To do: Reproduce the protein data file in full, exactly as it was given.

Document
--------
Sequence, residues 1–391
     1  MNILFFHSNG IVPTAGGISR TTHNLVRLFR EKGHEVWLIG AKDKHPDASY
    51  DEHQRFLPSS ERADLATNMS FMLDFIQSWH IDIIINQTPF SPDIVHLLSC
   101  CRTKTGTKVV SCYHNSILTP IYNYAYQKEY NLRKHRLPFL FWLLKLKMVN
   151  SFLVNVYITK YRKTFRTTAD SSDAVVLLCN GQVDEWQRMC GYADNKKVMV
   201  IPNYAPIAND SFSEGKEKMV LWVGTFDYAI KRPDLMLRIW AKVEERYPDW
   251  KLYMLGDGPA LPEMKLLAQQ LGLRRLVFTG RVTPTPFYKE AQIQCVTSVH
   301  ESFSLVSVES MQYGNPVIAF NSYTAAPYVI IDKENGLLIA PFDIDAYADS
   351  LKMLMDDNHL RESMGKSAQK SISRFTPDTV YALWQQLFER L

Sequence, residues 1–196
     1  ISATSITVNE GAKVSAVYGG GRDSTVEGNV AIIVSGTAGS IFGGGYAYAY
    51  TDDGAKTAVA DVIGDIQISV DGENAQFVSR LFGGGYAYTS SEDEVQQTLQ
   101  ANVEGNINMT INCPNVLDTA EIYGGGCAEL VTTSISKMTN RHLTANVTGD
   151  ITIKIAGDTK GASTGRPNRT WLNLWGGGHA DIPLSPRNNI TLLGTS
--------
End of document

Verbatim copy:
Sequence, residues 1–391
     1  MNILFFHSNG IVPTAGGISR TTHNLVRLFR EKGHEVWLIG AKDKHPDASY
    51  DEHQRFLPSS ERADLATNMS FMLDFIQSWH IDIIINQTPF SPDIVHLLSC
   101  CRTKTGTKVV SCYHNSILTP IYNYAYQKEY NLRKHRLPFL FWLLKLKMVN
   151  SFLVNVYITK YRKTFRTTAD SSDAVVLLCN GQVDEWQRMC GYADNKKVMV
   201  IPNYAPIAND SFSEGKEKMV LWVGTFDYAI KRPDLMLRIW AKVEERYPDW
   251  KLYMLGDGPA LPEMKLLAQQ LGLRRLVFTG RVTPTPFYKE AQIQCVTSVH
   301  ESFSLVSVES MQYGNPVIAF NSYTAAPYVI IDKENGLLIA PFDIDAYADS
   351  LKMLMDDNHL RESMGKSAQK SISRFTPDTV YALWQQLFER L

Sequence, residues 1–196
     1  ISATSITVNE GAKVSAVYGG GRDSTVEGNV AIIVSGTAGS IFGGGYAYAY
    51  TDDGAKTAVA DVIGDIQISV DGENAQFVSR LFGGGYAYTS SEDEVQQTLQ
   101  ANVEGNINMT INCPNVLDTA EIYGGGCAEL VTTSISKMTN RHLTANVTGD
   151  ITIKIAGDTK GASTGRPNRT WLNLWGGGHA DIPLSPRNNI TLLGTS